How to edit your Google settings for location history

Joanna Estrada
August 18, 2018

The center lobbied the FTC to take action on Google almost a decade ago.

The option previously said, "With Location History off, the places you go are no longer stored", which, as it turned out, was an incorrect statement.

The findings suggest that some Google apps, namely Google Maps, automatically store time-stamped location data from users. Thanks to cached versions of the website version, it is possible to see that the online version online changed on Thursday.

It now appears that in the aftermath of that story, Google has made a change to its "help" page that more accurately reflects how location data works.

To fully turn off the collection of location data, you need to log into your Google account and then navigate to "Web & App Activity" under Activity controls.

Thanks to the backlash from users, some of whom were not even aware they were still being tracked, Google has changed the language on its help pages to clarify its tracking practices. "View Google settings on your Android device to change this setting".

Call it bad wording, call it blatant lying, call it what you like - Google was recently found to have been misleading people about what disabling Location History on their phones actually meant.

There is clearly a difference between allowing an app to use your location when you are using it - like searching for coffee shops in a part of town you rarely visit - and storing that location information so it can be attached to your profile and sold to advertisers.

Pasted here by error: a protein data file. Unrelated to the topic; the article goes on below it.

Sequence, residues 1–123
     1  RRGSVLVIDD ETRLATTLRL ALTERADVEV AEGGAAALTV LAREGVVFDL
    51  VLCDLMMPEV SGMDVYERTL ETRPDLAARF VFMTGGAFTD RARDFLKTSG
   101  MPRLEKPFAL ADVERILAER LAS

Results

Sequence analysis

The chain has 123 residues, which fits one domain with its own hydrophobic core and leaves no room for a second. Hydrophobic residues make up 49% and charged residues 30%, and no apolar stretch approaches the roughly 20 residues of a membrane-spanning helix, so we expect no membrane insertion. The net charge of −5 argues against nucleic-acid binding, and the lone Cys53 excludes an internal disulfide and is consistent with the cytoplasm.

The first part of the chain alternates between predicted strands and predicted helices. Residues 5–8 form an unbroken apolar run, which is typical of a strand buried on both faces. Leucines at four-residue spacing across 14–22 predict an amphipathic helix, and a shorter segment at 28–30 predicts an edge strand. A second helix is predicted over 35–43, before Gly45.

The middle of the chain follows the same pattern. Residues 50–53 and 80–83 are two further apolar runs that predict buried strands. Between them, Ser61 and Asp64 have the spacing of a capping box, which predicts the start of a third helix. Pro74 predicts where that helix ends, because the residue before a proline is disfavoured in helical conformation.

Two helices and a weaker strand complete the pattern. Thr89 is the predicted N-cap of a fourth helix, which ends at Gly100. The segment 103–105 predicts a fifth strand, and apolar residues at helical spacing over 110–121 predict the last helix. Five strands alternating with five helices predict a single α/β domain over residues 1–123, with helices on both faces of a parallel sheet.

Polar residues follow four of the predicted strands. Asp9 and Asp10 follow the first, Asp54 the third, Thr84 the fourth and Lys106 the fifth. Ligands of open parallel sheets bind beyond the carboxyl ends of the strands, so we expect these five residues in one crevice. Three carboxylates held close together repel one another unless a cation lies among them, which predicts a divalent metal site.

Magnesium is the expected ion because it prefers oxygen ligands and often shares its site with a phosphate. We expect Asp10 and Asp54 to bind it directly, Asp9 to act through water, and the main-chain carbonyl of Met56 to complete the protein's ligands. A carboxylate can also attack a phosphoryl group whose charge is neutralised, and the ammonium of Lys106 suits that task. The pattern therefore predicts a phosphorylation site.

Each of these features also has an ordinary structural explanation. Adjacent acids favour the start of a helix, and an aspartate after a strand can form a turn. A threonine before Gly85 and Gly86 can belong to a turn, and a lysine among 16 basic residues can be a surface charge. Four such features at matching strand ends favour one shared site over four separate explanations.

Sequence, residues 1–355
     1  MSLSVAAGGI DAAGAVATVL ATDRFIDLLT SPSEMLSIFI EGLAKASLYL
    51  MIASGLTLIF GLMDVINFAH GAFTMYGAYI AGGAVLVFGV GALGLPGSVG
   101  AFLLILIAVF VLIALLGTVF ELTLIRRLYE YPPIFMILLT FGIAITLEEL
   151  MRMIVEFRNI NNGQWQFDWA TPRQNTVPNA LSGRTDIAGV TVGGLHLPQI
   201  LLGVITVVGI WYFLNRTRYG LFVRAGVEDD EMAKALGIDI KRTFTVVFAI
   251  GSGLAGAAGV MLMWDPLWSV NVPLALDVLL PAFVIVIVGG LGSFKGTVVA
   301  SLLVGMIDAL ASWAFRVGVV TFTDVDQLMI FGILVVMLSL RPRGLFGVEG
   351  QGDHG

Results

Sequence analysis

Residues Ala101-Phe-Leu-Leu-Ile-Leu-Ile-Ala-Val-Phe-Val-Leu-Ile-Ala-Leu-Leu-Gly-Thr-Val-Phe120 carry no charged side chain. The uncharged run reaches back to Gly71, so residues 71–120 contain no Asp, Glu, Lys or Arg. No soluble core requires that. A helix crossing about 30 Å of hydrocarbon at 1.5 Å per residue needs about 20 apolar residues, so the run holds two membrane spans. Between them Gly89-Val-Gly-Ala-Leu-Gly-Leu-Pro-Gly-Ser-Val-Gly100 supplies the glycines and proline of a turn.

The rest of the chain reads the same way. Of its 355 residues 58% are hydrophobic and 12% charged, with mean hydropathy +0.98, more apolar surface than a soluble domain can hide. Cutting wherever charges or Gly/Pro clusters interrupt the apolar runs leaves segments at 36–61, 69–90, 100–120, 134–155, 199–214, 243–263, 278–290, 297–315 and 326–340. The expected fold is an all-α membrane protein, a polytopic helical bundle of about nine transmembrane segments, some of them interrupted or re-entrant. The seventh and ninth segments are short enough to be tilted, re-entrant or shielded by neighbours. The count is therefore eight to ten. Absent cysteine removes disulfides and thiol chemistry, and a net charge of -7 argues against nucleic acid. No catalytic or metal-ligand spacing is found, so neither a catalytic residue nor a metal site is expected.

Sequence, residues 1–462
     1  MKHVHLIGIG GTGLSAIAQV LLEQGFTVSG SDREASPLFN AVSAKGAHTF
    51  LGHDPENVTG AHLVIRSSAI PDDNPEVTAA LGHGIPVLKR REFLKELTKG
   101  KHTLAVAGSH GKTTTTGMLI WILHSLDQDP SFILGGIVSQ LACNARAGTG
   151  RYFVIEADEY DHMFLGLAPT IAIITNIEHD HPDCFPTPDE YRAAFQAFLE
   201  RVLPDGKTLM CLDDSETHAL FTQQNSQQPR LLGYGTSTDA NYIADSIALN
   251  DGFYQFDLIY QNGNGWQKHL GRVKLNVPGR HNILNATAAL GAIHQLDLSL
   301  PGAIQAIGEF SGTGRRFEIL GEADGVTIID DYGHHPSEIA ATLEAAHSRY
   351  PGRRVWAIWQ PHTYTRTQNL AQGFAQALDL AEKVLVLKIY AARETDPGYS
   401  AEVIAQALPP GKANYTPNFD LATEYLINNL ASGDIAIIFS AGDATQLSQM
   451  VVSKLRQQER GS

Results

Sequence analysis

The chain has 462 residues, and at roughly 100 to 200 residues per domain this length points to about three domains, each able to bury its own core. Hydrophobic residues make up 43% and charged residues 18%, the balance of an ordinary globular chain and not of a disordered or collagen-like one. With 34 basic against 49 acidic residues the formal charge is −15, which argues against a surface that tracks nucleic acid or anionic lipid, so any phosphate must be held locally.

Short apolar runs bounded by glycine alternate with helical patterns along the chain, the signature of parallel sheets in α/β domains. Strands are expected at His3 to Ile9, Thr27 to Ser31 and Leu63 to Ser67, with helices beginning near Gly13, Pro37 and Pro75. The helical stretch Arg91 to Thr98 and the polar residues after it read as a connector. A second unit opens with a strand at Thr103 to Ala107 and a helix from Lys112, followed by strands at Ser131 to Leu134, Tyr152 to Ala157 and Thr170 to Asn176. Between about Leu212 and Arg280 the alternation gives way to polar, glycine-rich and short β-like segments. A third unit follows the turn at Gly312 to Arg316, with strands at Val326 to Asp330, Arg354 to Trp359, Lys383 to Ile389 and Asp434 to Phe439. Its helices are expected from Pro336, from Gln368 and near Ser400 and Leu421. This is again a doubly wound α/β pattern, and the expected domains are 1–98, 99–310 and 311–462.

When paused, it will prevent activity on any device from being saved to your account. Turning that setting off that would in fact stop recording location data.

From that help page: "If your Android usage & diagnostics setting is turned on, your device will still share information with Google, like battery level, how often you use your device and apps, and system errors".

Google critics complain that even with the rewording, the way location data is stored in multiple locations and controlled by multiple settings is hard to fully understand.

Storing your minute-by-minute travels carries privacy risks and has been used by police to determine the location of suspects - such as a warrant that police in Raleigh, North Carolina, served on Google a year ago to find devices near a murder scene.

Additionally, new data-privacy rules adopted by the European Union have also generated a greater focus on protecting user data.

Other reports by Click Lancashire

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